Friday, June 17, 2016

California: My op-ed on the difficulties of the Recall of a Judge

The San Jose Mercury News just ran my op-ed on the recall efforts against Santa Clara Superior Court Judge Aaron Persky over his sentencing of a Stanford University swimmer to a six month jail term for rape. My op-ed (which I don't get to headline) is about how difficult and unusual recalls of judges are. It also touches on the fact that the recall of judges (and judicial decisions) is hotly contested issue in the early history of the recall. What the op-ed isn't about (despite the headline, is that a recall is almost impossible or futile). It's just very difficult due to one very critical factor. I've already discussed this story in-depth, but let's look at some of the issues again.

First, let's define our terms: I call this subject the recall of a judge, rather than judicial recall. In the history and the literature the term Judicial Recall refers to something totally different (what I call the malfeasance standard or for cause recalls). A judicial recall occurs in states and jurisdictions where a judge is required to rule on whether a recall meets a specific standard to get on the ballot. Essentially, the official has to have violated the law or shown demonstrable incompetence for the recall to be placed on the ballot. It has nothing to do with removing judges. I keep this divide up so as not to confuse people who may be conversant or studying the literature.

The recall will require a ton of signatures about 59000 valids, though I believe that may be in dispute. That is a big challenge, but with a motivated base, it is probably not impossible. The fact that someone is willing to back the effort and that Stanford law professors are leading the charge (and can presumably handle the legal work pro bono) is a couple of big pluses in favor of the recall effort.

The bigger problem is what I would call the "grace period." Due to incredible timing, Persky is up for reelection in November. This has a double impact. 1) He cannot face a recall in the last six months of his term, 2) Petitions cannot be started on his new term until he is in office and those petitions cannot be started until he is in office for 3 months. So the petitioners will have to wait until April to even start. We've seen this exact grace period event happen to Portland Mayor Sam Adams. That recall went nowhere. That doesn't mean it can't happen. It just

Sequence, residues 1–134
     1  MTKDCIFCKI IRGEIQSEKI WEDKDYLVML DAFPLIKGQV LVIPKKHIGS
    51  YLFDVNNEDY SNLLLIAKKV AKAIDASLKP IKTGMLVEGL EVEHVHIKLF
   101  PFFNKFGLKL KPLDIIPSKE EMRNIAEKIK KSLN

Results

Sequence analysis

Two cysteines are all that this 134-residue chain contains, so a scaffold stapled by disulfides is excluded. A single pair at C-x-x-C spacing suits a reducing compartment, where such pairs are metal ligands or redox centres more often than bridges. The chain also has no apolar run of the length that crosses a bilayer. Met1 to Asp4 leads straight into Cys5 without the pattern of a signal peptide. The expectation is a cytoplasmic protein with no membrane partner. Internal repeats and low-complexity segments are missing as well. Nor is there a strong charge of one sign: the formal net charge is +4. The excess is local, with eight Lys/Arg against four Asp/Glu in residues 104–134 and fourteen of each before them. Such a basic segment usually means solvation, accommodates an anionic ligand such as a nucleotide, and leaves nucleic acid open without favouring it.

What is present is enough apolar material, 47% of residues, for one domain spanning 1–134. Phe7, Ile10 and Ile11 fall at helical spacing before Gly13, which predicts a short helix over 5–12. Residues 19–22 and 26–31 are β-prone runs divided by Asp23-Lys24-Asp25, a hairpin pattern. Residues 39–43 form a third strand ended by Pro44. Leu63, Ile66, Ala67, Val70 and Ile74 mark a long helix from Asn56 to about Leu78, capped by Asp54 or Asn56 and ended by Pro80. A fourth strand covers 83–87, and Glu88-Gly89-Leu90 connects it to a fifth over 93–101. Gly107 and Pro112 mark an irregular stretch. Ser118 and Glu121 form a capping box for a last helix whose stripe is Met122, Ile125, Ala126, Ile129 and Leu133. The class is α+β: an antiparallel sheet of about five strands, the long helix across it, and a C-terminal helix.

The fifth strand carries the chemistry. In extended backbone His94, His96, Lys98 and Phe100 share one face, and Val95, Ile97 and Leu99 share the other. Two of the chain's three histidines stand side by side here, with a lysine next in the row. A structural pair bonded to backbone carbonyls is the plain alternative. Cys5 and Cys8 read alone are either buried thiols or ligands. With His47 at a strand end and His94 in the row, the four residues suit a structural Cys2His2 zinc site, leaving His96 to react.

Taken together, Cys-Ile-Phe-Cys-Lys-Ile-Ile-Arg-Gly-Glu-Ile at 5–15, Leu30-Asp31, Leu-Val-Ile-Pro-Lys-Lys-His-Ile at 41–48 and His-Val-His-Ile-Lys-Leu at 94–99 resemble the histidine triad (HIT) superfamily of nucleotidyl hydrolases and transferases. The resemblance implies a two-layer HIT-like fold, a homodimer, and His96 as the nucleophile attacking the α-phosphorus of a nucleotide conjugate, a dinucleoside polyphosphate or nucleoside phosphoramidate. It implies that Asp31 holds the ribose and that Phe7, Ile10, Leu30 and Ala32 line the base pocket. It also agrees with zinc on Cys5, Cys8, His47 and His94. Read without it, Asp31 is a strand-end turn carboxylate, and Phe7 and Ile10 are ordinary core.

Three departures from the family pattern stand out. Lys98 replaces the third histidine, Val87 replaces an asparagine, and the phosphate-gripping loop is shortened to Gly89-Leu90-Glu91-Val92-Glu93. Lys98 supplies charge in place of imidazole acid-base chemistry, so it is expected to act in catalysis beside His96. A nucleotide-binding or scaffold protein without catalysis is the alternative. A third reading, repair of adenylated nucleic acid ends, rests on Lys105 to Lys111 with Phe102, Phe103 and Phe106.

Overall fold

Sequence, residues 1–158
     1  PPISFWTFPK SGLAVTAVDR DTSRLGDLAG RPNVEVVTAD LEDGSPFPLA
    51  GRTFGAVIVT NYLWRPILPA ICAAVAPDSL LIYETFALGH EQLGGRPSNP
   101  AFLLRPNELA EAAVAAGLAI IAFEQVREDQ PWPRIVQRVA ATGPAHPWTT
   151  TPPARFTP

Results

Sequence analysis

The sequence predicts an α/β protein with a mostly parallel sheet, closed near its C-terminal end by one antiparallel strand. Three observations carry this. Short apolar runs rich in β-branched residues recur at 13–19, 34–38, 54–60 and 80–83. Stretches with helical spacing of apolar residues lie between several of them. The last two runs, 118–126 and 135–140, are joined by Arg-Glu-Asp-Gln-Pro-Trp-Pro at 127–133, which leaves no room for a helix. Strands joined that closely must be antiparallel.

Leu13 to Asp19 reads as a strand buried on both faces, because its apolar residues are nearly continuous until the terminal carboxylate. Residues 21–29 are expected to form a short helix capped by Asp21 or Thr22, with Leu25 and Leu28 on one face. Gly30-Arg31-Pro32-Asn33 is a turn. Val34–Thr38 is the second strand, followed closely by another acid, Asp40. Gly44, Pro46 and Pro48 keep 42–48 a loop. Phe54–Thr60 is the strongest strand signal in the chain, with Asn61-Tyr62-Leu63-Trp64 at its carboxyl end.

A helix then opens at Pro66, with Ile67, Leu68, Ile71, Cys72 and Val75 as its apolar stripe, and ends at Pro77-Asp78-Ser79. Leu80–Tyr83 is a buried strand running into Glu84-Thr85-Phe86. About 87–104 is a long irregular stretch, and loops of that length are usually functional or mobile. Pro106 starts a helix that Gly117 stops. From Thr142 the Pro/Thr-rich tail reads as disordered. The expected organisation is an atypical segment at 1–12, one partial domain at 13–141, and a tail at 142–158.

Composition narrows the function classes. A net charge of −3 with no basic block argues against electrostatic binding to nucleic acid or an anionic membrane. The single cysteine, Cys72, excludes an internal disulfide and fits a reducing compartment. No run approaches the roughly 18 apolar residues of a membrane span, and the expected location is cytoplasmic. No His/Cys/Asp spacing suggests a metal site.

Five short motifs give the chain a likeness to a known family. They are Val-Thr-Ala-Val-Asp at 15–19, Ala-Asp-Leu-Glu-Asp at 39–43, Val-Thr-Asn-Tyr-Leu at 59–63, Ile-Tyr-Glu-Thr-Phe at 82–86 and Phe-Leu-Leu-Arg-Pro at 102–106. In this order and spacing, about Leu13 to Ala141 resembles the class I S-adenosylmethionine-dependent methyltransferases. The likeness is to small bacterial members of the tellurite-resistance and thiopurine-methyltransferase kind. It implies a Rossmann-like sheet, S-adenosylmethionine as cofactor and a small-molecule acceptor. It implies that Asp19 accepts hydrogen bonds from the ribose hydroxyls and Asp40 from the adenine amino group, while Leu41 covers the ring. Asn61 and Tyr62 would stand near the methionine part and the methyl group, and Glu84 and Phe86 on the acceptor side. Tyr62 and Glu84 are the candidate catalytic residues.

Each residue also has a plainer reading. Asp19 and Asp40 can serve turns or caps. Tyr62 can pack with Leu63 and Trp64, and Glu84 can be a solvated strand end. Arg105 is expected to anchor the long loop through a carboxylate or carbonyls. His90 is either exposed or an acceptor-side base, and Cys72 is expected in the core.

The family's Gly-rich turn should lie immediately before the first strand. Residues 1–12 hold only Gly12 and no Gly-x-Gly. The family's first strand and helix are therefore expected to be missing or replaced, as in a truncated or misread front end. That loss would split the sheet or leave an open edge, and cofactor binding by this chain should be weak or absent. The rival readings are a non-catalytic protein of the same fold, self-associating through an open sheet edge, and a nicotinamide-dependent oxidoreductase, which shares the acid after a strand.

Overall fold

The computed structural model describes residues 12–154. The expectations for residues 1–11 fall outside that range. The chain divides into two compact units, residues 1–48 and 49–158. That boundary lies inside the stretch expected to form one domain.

The other big point is that recalls of judges almost never happen. The last to get to a vote was in Wisconsin 1982, the last successful one was in 1977. In California, the last recall of a Superior Court Judge was in 1932. There were only a few before then, notably one in 1913 that was over similar leniency in sex crimes. (Leniency in sex crimes are a very popular recall issue -- the 1982 and 1977 were both over that issue as well. There have been discussion in Orange County and in Montana of recalls over that issue).

The other problem here is that recalling judges has always been controversial. The recall of judges and judicial decision was a key flash point in the Taft-Roosevelt split in 1912.

None of this means that a recall cannot work. But the grace period, tied in with the sheer amount of signatures and the usual hesitancy in recalling judges makes this a serious challenge for petitioners.

No comments:

Post a Comment

Note: Only a member of this blog may post a comment.